NFL facilities have just begun to reopen, and Jason McCourty is one of the few players who have been allowed inside.
The Patriots safety had groin surgery this offseason and is still rehabbing. That puts him in the sole category of players who can go to places like Gillette Stadium, and then only to work with trainers on rehab.
Normally, there would be more buzz to the place with OTAs and minicamp going on. But, as McCourty said Wednesday, it’s just a few players in similar situations to his who are in the building. The difference compared with a normal year is stark, but he’s gotten used to it.
“I guess what constitutes weird has dramatically changed throughout the last few months,” McCourty said.
He likened the way he and other players are staying distant from one another in the training rooms to how things like grocery shopping and getting gas have changed. Adopting safe practices and accepting some degree of risk both will be part of reopening, he expects.
“Moving forward, I think we all have fears,” McCourty said. “I think for me fear of going back to work is no different than the fear of walking in a restaurant and sitting down to have dinner, so I think this is something that we’re all going to have to deal with. At some point we’re going to start back up.”
Even going into the facility hasn’t totally broken the monotony of the shutdown, he said, because everyone in the facility has only the monotony to talk about. Aside from taking care of his children, McCourty has been playing video games and watching old games on NBA TV, such as Vince Carter and Allen Iverson battling in the 2001 Eastern Conference semifinals. That has provided some good entertainment, he said.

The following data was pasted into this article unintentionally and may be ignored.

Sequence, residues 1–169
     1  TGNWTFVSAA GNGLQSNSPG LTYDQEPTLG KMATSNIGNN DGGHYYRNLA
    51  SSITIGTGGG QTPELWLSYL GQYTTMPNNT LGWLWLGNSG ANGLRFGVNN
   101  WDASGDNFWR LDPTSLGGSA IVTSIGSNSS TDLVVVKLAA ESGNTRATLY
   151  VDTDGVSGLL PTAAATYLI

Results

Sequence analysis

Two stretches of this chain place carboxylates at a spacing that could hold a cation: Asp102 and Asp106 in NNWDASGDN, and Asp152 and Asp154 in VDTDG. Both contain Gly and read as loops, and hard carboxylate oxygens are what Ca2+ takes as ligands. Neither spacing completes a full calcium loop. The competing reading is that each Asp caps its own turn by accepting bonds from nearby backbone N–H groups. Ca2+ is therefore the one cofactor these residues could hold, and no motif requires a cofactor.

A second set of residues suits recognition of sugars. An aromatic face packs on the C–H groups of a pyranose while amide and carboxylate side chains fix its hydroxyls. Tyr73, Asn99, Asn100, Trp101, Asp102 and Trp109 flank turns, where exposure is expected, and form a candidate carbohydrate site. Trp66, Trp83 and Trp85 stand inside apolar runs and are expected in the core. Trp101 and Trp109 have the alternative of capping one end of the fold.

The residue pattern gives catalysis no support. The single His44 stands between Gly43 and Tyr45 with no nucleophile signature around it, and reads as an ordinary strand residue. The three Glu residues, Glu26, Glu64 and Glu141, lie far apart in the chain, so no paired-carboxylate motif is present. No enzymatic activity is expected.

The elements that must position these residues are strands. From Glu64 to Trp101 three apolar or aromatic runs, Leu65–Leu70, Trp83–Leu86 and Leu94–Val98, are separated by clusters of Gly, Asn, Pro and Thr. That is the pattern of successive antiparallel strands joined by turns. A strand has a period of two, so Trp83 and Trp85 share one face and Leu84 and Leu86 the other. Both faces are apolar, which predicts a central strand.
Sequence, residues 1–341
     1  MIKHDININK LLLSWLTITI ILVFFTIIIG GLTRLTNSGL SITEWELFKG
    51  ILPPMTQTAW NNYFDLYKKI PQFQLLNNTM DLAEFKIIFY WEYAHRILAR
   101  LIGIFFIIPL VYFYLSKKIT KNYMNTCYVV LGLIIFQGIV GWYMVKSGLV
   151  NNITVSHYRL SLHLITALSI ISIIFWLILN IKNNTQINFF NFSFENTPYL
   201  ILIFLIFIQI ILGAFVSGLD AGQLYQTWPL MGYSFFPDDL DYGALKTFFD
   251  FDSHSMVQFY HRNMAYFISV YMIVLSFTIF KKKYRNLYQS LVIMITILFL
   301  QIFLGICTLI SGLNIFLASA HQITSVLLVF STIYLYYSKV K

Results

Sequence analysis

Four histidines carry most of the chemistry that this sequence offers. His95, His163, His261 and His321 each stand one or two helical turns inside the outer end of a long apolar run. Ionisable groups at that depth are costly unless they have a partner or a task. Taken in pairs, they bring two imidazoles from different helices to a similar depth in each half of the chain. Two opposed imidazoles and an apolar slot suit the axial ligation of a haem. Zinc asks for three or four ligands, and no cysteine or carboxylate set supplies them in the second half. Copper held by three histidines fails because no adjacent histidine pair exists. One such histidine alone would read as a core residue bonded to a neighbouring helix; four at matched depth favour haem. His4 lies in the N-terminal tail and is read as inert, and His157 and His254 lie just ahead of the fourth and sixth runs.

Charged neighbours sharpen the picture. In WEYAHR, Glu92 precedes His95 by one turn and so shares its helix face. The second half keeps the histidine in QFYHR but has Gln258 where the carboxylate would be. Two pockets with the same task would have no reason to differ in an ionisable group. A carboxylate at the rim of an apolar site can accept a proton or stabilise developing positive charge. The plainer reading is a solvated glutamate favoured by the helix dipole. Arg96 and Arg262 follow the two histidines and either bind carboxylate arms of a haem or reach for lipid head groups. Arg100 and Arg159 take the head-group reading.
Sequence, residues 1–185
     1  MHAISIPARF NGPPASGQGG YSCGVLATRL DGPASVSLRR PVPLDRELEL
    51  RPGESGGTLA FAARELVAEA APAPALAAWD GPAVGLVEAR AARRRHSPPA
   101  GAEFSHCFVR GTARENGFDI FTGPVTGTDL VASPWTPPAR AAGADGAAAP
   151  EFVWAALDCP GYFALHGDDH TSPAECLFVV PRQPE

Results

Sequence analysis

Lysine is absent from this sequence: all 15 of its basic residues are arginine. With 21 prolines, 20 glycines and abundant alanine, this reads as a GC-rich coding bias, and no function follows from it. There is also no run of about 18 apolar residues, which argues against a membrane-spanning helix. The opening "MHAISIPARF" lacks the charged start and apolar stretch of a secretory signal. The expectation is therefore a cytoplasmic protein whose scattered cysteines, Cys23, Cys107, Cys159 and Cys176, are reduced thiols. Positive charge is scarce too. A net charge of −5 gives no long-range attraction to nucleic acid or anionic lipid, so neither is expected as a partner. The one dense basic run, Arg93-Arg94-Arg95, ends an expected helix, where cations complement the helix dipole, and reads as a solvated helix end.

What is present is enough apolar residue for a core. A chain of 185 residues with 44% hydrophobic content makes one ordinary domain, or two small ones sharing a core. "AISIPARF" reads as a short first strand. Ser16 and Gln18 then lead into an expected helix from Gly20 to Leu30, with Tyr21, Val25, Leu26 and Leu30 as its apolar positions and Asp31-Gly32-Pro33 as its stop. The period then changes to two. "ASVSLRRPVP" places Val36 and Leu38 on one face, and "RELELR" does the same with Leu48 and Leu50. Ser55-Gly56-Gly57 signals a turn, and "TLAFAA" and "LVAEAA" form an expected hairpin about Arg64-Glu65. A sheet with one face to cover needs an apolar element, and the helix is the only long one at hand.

There has been at least one football topic to discuss this week, though: ,the impending vote on a proposal to allow teams to attempt a fourth-and-15 play instead of an onside kick up to twice per game.
McCourty has mixed feelings about it. On the one hand, as a defensive back, his competitive juices get flowing thinking about making that one stop to win a game. On the other hand, he thinks it rewards a team for being behind.
What’s clear to him, though, is why it might be appealing to the league and to fans.
“We’re in the entertainment business, and onside kick vs. a fourth and 15, that’s a lot more intriguing,” he said.